What Drugs Should Not Be Taken with CBD?

4 Min Read

While CBD has gained popularity among individuals who are looking for relief, CBD products are not always the best option if you’re currently taking prescription drugs. The reason for this is because it could create potential interactions.

Potential CBD drug interactions

When talking about CBD drug interactions, MedlinePlus says that these can be broken down into two basic categories. [3] Those that could potentially create a dangerous interaction and, therefore, should never be taken with CBD, and those that simply require that you be cautious when combining the two.

The two drugs that should never be taken with CBD oils or other CBD dietary supplements are clobazam and valproic acid. Taking CBD with clobazam could intensify the way this drug works, increasing its side effects too. Further, combining valproic acid with CBD could cause injury to your liver.

The second category of drugs is those which require using some caution when taking them with CBD. Prescriptions may fall into this class because they either increase or decrease how quickly your liver enzymes are able to break down the drugs, thus either reducing or intensifying their effects.

As you will see, many of these are cytochrome P450 enzymes, or CYP450s for short. Therefore, if you’re taking any prescription drug falling into the CYP450 enzymes category, it’s best to consult with a medical professional before starting a CBD regimen.

These drugs include:

  • CYP1A1 substrates (muscle relaxers and bronchodilators)
    • examples include: Lorzone and Theo-Dur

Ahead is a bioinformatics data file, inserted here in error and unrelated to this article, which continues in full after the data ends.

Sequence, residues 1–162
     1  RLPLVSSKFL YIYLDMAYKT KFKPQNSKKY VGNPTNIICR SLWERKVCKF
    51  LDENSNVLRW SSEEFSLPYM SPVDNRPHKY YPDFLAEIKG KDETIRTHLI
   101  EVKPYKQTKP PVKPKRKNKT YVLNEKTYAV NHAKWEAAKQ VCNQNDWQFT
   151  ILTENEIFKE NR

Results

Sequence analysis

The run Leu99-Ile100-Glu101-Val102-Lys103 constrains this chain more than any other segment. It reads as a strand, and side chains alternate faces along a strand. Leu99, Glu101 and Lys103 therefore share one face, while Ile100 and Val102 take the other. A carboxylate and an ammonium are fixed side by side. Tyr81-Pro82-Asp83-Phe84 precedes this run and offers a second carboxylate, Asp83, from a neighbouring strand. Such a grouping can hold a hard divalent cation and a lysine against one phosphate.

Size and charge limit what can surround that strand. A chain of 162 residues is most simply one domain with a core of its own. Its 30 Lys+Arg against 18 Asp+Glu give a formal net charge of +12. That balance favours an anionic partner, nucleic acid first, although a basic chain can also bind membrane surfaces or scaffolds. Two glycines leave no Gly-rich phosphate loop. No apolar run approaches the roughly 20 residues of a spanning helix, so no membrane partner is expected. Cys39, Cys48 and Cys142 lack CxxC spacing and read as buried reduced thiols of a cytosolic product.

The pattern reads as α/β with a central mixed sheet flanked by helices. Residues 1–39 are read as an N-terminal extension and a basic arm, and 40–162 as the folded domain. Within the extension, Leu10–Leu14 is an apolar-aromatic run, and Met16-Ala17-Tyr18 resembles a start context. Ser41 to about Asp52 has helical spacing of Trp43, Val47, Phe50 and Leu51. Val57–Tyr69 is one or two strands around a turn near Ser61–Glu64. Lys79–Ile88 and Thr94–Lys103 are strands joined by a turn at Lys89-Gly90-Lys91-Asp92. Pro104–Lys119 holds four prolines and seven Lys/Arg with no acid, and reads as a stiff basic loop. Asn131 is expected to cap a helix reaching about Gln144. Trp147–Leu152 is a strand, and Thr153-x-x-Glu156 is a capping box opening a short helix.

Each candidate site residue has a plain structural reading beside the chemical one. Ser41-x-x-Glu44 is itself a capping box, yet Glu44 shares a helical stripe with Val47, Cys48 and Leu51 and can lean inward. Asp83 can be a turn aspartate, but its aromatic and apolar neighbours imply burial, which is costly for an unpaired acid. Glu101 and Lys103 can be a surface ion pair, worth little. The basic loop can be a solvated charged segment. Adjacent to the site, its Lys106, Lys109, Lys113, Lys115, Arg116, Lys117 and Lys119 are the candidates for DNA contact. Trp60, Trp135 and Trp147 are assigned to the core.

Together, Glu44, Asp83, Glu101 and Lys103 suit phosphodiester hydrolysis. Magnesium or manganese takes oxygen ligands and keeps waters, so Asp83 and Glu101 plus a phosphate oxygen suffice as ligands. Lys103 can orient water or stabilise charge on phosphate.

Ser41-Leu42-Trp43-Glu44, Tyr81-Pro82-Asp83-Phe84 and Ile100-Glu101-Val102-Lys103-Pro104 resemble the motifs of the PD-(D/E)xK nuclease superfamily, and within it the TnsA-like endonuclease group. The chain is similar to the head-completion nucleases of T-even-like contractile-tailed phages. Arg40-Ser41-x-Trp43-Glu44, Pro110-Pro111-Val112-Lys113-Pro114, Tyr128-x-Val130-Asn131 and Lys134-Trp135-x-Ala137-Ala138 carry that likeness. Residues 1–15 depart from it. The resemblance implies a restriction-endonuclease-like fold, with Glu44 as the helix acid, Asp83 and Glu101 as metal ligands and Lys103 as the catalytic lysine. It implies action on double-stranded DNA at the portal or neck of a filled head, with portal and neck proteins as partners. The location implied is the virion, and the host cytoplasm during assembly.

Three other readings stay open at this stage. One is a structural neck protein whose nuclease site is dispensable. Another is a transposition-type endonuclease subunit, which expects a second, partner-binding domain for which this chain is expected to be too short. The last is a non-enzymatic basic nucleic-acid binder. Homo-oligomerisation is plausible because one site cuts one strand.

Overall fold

• CYP1A2 substrates (antidepressants, antipsychotics, chemotherapy nausea drugs, beta-blockers, and calcium channel blockers)
    • examples include: Elavil, Haldol, Zofran, Inderal, Calan, and Isoptin
  • CYP1B1 substrates (proton pump inhibitors, antipsychotics, digestive system treatment drugs, and cancer medicines)
    • examples include: Prilosec, Clozaril, Prevacid, Eloxatin, and Tarceva
  • CYP2A6 substrates (sedatives, pain relievers, general anesthetics, antiepileptics, and medicines that block the body’s ability to metabolize alcohol)
    • examples include: Heminevrin, Penthrox, Fluothane, Depacon, and Antabuse
  • CYP2B6 substrates (anesthesia, epilepsy drugs, muscle relaxers, barbiturates, and corticosteroids)
    • examples include: Ketalar, Phenobarbital, Norflex, Seconal, and Decadron
  • CYP2C19 substrates (stomach acid drugs, proton pump inhibitors, benzodiazepines, pain relievers, and antivirals)
    • examples include: Prilosec, Prevacid, Protonix, Valium, Soma, and Viracept
  • CYP2C8 substrates (antiarrhythmics, anticonvulsants, antimalarial, nonsteroidal anti-inflammatories, anti-cancer drugs, and diabetes drugs)
    • examples include: Cordarone, Tegretol, Aralen, Voltaren, Taxol, and Prandin
  • CYP2C9 substrates (anti-inflammatories, ibuprofen, antidepressants, blood thinners, diabetes drugs, and hypertension meds)
    • examples include: Cataflam, Voltaren, Motrin, Mobic, Feldene, Celebrex, Elavil, Coumadin, Glucotrol, and Cozaar
  • CYP2D6 substrates (antidepressants, antiarrhythmics, antipsychotics, chemotherapy nausea drugs, selective serotonin reuptake inhibitors, and pain relievers)
    • examples include: Elavil, Norpramin, Tambocor, Haldol, Zofran, Paxil, Risperdal, Ultram, and Effexor
  • CYP3A4 substrates (benzodiazepines, calcium channel blocker, antibiotics, cholesterol meds, antihistamines, triazolobenzodiazepines, and antifungals)